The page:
Exercise selection is a big part of programming. However, I would argue that exercise selection is less important than the execution of an exercise. Hopefully, this blog post will leave you with a greater understanding of how to execute the box squat as a lifter that competes in raw/unequipped powerlifting.
Performing the 'Squat to a box' not box squat
The traditional box squat is usually performed with a wider stance, allowing the lifter to sit all the way back onto the box. If the box was not present, the lifter would completely lose balance. With my very limited understanding of equipped lifting, I believe this teaches the lifter how to sit back into the suit to get the most from it. For a raw lifter I believe the box squat has little to no carry-over into the competition squat. Whilst it might have some value for hip health and general strength development, it should not be considered as a primary squat assistance exercise for a lifter competing in the classic division.
Because of this, here at Desert Barbell we utilise an alternative variation on the classic box squat that we feel is an effective assistance exercise for the competition squat. We call this exercise the squat to a box. I was first exposed to this exercise whilst receiving coaching from the hugely experienced Lawrence Farncombe. (Former GB Powerlifting Head Coach and current owner of PB performance gym in Cardiff.)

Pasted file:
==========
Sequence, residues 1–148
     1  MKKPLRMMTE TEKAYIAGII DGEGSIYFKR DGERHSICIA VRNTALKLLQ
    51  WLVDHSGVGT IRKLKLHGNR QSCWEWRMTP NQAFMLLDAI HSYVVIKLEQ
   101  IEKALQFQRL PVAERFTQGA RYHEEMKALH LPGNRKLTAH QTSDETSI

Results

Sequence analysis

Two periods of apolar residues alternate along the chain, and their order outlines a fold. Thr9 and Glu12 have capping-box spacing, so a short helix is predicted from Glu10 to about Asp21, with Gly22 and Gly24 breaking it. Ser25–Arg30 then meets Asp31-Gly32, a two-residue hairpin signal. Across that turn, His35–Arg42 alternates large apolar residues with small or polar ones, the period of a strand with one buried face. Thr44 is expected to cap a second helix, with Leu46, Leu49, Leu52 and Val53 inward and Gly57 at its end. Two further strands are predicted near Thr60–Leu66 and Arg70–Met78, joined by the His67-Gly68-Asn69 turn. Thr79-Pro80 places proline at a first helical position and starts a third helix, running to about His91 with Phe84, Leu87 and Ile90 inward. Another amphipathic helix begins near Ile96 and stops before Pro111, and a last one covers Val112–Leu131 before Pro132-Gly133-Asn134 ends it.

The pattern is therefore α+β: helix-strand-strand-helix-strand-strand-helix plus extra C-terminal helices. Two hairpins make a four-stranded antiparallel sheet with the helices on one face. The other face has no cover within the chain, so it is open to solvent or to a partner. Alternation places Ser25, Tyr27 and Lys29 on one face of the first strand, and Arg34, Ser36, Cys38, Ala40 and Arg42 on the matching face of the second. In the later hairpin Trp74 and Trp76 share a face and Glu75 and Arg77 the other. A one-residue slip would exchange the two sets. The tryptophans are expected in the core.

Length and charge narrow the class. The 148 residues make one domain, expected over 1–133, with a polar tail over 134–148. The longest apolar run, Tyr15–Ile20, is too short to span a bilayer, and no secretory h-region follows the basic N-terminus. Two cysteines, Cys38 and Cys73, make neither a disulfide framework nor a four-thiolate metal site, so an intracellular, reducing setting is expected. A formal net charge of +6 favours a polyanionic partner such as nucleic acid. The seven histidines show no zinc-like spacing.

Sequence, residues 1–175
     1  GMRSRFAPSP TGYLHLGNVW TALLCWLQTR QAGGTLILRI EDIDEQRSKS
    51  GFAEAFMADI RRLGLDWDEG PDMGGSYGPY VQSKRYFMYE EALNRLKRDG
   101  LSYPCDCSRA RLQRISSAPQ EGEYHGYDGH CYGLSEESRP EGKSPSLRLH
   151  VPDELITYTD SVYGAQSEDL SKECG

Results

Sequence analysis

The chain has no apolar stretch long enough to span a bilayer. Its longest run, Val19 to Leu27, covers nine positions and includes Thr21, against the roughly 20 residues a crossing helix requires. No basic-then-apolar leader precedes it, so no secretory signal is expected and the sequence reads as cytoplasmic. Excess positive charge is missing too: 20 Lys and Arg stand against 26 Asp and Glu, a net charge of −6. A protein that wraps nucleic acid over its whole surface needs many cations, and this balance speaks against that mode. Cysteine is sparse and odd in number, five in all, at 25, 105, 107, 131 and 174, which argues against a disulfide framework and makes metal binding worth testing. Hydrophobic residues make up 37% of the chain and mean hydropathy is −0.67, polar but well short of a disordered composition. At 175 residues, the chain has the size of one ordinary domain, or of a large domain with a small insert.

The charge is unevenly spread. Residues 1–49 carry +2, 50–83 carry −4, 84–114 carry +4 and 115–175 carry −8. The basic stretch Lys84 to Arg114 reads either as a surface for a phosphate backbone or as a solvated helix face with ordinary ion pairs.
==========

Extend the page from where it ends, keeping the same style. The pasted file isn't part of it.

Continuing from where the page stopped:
Please see below the description of how to effectively perform this exercise.
When performing the squat to a box, focus on keeping the normal mechanics that you have in your competition style back squat. As an assistance exercise, the squat to a box is a more effective if you perform a low (or lower) bar squat in competition. You must keep the bar over the mid foot and focus on descending in a controlled fashion, reaching the hips back to the box. Once the box has been reached, remain tight and pause for at least 1 second. Finish the squat by explosively returning to the start position. The ultimate goal is to progress towards performing this movement with a full depth squat. However, when initially implementing it, it is acceptable to start a little higher than competition depth in order to ensure a neutral spine is maintained.
When looking to incorporate this movement into your own program, I would recommend that you start by using it as your lightest squat movement. Use it for technical improvements whilst initially getting comfortable with the movement.
If done correctly the box squat can be a fantastic way to fix pelvic control during the squat.
This is the first of many articles written to help you improve the execution of assistance exercises commonly used in our individualised programs at Desert Barbell Sports Club.